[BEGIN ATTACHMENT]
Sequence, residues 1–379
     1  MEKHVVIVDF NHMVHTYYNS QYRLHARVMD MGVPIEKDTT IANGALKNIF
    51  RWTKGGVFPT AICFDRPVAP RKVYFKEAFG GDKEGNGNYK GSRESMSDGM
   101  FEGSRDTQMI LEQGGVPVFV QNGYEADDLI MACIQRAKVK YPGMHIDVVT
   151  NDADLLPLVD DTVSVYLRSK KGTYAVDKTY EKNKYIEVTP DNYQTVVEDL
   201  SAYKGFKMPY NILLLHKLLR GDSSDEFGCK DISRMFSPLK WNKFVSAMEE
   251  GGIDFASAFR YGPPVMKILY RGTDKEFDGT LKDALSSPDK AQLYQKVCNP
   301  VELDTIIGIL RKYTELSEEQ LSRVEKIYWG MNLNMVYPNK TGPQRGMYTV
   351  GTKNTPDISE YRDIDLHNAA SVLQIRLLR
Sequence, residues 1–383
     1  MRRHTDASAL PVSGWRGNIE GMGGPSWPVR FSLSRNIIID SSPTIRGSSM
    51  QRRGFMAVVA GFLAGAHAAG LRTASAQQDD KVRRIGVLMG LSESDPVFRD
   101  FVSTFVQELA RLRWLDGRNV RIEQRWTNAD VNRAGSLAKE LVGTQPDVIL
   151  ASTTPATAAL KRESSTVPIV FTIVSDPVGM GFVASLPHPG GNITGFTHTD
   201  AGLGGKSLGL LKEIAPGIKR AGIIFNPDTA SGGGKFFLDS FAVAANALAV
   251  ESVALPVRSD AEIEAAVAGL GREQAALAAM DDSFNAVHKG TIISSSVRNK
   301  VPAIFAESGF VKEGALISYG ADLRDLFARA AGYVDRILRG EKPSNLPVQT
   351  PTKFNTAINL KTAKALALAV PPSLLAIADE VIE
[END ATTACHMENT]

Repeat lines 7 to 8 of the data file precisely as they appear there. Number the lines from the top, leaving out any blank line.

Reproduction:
   251  GGIDFASAFR YGPPVMKILY RGTDKEFDGT LKDALSSPDK AQLYQKVCNP
   301  VELDTIIGIL RKYTELSEEQ LSRVEKIYWG MNLNMVYPNK TGPQRGMYTV